Every now and again, weather interjects itself into the best-laid plans of the vintage motorcyclist. Experienced riders know to take the hint; oftentimes the universe is aligning a different experience, and a sudden downpour is merely the suggestion that one should be open to the unexpected.
Such was the case while attending a recent event held by the Badger Heritage Chapter of the Antique Motorcycle Club of America in Menomonee Falls, Wisconsin. Heavy rain was predicted all day, but I still obligingly attended because I knew the organizers would be there working hard, rain or shine. Besides, most antique motorcyclists are a plucky bunch (“Weather? Hell, that’s the least of my worries.”)
Luckily for me, the gathering indeed turned out to be somewhat intimate, as I spent the afternoon sitting on a beer cooler under a leaky portable party tent, listening with rapt attention to Jean Davidson and her son, Jon Davidson Oeflein, recount stories from their family lives and the little motorcycle company their forefathers founded.
Yes, “Davidson” as in “Harley-Davidson”; Jean’s grandfather was Walter Davidson, one of three brothers who along with William Harley founded the legendary Milwaukee motorcycle company in 1903.
We were huddled in the parking lot of what was once her grandmother’s country estate, a cozy home where she liked to display her antiques and host her ladies-only card games. Now a preservation site with other historical structures, it sits less than a mile from H-D’s newest Pilgrim Road Powertrain Operations plant.
Jean gave me an insider tour of grandmother Emma’s house, listening patiently to docents dressed in period costume recount stories of her family’s past, while whispering anecdotes in my ear about sliding down bannisters and hanging from balcony ledges as a child.
If at this point you are getting envious of this writer’s unfiltered access to this fascinating American family, fear not. Jean and Jon have dug deep into their archives to co-produce a book called Harley-Davidson Family Memories (167 pages, Octane Press), that makes you feel as if you are leafing through a personal photo album of some fabulous extended family, albeit a famous one.
The book is an easy and entertaining read, with more than 250 photos and documents accompanied by mother and son recollections and back story of each picture.
A turn-of-the-century photo of founding brother and patternmaker Arthur Davidson is unusually informal, with he and his three co-worker’s heads threaded through the spokes of a large industrial wheel. Just above Arthur stands friend Ole Evinrude, who would go on to create a successful outboard motor company. Ole reportedly invented the device to shorten his transit time to a girlfriend who lived across the lake from his home.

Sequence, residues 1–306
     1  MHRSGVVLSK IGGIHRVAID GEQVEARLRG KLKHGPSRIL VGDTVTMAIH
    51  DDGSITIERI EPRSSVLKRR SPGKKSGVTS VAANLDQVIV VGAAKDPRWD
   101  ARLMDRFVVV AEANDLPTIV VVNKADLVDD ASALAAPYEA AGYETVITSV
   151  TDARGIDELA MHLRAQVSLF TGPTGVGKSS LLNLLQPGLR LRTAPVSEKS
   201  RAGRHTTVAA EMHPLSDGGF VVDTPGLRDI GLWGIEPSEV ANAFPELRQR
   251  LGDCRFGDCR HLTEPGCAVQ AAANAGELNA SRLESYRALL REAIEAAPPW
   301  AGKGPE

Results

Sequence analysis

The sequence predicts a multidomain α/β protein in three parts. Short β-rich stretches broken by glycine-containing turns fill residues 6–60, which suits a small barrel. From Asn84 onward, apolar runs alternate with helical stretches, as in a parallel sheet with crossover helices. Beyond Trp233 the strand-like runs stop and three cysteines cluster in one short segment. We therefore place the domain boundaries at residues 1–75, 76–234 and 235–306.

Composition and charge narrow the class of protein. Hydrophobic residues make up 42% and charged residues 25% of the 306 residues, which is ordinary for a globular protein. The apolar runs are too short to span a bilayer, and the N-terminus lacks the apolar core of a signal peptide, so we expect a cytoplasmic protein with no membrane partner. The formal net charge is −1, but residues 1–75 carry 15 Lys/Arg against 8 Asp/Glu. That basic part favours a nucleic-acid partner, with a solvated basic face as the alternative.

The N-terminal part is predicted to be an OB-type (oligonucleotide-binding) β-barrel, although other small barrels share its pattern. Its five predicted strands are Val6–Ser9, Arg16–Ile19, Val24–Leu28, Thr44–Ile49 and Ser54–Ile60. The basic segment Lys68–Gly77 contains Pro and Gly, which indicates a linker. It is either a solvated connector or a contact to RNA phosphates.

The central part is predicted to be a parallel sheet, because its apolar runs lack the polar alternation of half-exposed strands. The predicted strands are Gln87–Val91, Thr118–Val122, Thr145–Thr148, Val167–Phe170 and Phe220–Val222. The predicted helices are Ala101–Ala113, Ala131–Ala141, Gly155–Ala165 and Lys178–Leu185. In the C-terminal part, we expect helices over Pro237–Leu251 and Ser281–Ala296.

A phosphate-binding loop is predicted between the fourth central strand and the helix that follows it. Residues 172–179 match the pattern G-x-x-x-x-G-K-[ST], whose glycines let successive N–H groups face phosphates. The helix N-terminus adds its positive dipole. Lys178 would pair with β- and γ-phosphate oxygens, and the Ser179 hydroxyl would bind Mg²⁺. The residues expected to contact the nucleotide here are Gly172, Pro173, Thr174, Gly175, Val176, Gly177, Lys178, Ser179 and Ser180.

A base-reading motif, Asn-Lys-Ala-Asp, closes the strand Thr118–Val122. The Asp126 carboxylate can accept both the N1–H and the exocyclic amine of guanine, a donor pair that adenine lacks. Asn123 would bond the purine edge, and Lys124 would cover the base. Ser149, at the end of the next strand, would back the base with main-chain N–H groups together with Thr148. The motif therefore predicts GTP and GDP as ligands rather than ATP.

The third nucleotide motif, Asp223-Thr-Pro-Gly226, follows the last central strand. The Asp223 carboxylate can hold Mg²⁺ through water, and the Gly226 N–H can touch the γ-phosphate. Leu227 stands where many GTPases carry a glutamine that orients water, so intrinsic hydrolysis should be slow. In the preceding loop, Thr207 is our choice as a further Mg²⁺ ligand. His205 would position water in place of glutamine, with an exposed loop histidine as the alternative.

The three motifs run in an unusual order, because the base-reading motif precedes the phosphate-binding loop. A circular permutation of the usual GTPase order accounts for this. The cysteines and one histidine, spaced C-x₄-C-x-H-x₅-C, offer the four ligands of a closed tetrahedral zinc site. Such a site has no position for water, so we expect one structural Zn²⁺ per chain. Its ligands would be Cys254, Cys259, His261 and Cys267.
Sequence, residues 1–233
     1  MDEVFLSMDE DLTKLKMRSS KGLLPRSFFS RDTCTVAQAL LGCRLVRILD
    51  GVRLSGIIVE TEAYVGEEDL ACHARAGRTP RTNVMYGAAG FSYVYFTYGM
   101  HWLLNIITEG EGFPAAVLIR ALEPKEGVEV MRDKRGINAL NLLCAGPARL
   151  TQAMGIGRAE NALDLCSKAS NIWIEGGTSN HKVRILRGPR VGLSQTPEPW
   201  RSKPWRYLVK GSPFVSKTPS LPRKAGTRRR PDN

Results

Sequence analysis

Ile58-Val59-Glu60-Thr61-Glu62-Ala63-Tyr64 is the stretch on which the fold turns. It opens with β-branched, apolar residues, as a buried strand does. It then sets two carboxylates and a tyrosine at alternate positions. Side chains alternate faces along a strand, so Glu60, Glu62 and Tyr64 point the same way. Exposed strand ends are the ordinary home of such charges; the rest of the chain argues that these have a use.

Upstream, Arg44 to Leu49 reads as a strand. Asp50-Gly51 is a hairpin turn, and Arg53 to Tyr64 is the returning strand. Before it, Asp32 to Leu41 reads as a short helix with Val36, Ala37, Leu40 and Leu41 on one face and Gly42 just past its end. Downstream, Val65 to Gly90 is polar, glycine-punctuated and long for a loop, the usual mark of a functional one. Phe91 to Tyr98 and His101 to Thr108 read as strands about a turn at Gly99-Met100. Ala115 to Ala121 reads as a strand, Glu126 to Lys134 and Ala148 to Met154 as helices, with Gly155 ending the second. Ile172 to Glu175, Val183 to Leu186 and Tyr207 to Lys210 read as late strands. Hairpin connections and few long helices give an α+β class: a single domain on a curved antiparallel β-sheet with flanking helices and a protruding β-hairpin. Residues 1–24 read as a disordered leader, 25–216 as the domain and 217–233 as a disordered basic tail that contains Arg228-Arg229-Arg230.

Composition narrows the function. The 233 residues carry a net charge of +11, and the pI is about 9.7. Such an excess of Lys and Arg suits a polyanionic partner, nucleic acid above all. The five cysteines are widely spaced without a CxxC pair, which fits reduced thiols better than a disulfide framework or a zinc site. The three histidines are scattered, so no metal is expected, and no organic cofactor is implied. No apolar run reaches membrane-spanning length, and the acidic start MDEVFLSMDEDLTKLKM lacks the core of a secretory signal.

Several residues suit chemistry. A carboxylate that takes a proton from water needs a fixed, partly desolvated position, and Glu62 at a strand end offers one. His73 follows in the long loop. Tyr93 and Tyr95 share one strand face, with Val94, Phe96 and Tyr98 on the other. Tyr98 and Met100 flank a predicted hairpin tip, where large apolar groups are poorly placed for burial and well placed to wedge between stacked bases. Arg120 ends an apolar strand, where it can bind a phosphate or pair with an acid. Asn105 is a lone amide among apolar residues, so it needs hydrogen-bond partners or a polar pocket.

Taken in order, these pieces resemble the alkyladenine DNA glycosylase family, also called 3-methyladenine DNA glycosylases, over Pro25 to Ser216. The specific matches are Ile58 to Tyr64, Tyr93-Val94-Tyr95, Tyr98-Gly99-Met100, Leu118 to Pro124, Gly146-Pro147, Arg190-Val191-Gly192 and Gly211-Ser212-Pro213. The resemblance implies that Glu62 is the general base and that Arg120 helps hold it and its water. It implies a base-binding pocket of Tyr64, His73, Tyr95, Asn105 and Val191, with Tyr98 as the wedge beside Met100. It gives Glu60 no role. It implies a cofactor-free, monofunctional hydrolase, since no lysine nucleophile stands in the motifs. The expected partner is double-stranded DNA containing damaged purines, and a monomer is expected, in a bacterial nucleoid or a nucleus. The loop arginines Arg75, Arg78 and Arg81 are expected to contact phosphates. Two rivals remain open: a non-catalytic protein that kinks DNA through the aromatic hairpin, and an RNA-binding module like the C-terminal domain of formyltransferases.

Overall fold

Evinrude is just one of many historical personalities who are woven into the family history within this book.
Jean’s branch of the family transitioned from manufacturing to retail, when in 1969 she and husband John bought Wisconsin’s largest Harley dealership just in time to catch the industry downturn. You can almost feel the buyer malaise in photos taken of the showroom floor during the infamous AMF-ownership period, when the dealership took on Artic Cat snowmobiles to augment the bottom line. Of course, original bikes from that era are now highly prized.
Jon points to one of his favorite entries in the book, a handwritten letter to his parent’s motorcycle dealership, inquiring if there is a model “under 200cc, especially for long trip on the highway, that a girl 5’3” 110 lbs. could handle?” The letter continued, “I’m running away and can’t afford much – but then again I have a rich father.”
Photos of Jon and siblings as children attending a 1971 Evel Knievel indoor motorcycle jump in Chicago recount Jon’s conversation with the stuntman before his harrowing leap. “Evel Knievel was a true daredevil and lived on the edge,” Jon wrote. “I am not sure the world will see too many more guys like him.”
Early photos of cousin Willie G. Davidson are in there, too, as a buttoned-down, short-haired and clean-shaven H-D draftsman – years before he became the bearded and beret-wearing ambassador of the brand.
Apparent throughout the book is a strong love for family, brought together through their shared passion for motorcycling. It could be any active motorsports family’s memoir– but in this case, they just happened to own the company.
And what about Grandma Emma? Not content to stay at home while husband Walter built their motorcycle empire, she traveled the world in inimitable style, surviving the sinking of the Andrea Doria and toasting her good fortune in a photo from Jean’s wedding day. Another great character brought to life in this intimate look at one of America’s great industrialist families.